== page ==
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W. P. Kustas, D.C. Goodrich, M.S. Moran, S. A. Amer, L. B. Bach, J. H. Blanford, A. Chehbouni, H. Claassen, W. E. Clements, P. C. Doraiswamy, P. Dubois, T. R. Clarke, C. S. T. Daughtry, D. I. Gellman, T. A. Grant, L. E. Hipps, A. R. Huete, K. S. Humes, T. J. Jackson, T. O. Keefer, W. D. Nichols, R. Parry, E. M. Perry, R. T. Pinker, P. J. Pinter Jr., J. Qi, A. C. Riggs, T. J. Schmugge, A. M. Shutko, D. I. Stannard, E. Swiatek, J. D. van Leeuwen, J. van Zyl, A. Vidal, J. Washburne, and M. A. Weltz

Arid and semiarid rangelands comprise a significant portion of the earth's land surface. Yet little is known about the effects of temporal and spatial changes in surface soil moisture on the hydrologic cycle, energy balance, and the feedbacks to the atmosphere via thermal forcing over such environments. Understanding this interrelationship is crucial for evaluating the role of the hydrologic cycle in surface–atmosphere interactions.

This study focuses on the utility of remote sensing to provide measurements of surface soil moisture, surface albedo, vegetation biomass, and temperature at different spatial and temporal scales. Remote-sensing measurements may provide the only practical means of estimating some of the more important factors controlling land surface processes over large areas. Consequently, the use of remotely sensed information in biophysical and geophysical models greatly enhances their ability to compute fluxes at catchment and regional scales on a routine basis. However, model calculations for different climates and ecosystems need verification. This requires that the remotely sensed data and model computations be evaluated with ground-truth data collected at the same areal scales.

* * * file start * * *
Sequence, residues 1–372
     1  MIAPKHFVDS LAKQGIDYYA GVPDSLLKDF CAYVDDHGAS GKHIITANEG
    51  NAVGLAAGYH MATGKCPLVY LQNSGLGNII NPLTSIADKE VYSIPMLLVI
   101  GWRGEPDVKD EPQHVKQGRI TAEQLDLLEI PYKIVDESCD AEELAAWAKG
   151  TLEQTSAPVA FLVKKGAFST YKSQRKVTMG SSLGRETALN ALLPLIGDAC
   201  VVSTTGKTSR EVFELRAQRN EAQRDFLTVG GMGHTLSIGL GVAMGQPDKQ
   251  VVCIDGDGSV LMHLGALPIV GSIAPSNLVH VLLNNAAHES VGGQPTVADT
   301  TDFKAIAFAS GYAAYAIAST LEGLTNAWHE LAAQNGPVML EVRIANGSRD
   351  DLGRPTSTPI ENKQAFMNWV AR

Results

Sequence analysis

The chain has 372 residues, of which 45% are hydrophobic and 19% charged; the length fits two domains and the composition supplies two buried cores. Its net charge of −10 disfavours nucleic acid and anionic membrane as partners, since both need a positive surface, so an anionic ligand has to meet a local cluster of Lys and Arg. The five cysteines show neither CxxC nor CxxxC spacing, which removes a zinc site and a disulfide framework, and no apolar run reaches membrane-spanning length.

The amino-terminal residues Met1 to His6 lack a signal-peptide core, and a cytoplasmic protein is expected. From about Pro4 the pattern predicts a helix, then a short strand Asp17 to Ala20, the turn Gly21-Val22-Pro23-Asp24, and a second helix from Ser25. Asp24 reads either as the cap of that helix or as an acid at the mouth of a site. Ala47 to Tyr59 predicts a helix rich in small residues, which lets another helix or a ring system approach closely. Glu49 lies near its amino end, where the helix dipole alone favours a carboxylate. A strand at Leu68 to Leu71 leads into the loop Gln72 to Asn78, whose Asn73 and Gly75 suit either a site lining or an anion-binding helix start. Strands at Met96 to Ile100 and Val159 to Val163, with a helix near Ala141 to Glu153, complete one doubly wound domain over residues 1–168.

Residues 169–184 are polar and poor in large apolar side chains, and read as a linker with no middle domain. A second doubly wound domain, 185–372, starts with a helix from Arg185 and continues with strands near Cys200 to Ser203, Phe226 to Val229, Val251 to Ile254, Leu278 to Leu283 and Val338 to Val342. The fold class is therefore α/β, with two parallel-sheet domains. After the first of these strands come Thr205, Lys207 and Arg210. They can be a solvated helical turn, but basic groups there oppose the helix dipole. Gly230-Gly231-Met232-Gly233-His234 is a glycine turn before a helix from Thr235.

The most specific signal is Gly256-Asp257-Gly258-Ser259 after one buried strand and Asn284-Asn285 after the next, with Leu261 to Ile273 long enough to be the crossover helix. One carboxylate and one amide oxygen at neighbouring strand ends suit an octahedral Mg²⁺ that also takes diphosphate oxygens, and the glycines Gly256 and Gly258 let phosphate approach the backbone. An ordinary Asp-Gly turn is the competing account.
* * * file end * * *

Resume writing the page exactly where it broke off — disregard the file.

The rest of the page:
The present study (MONSOON 90) attempts to address this issue for semiarid rangelands. The experimental plan included remotely sensed data in the visible, near-infrared, thermal, and microwave wavelengths from ground and aircraft platforms and, when available, from satellites. Collected concurrently were ground measurements of soil moisture and temperature, energy and water fluxes, and profile data in the atmospheric boundary layer in a hydrologically instrumented semiarid rangeland watershed. Field experiments were conducted in 1990 during the dry and wet or “monsoon season” for the southwestern United States. A detailed description of the field campaigns, including measurements and some preliminary results are given.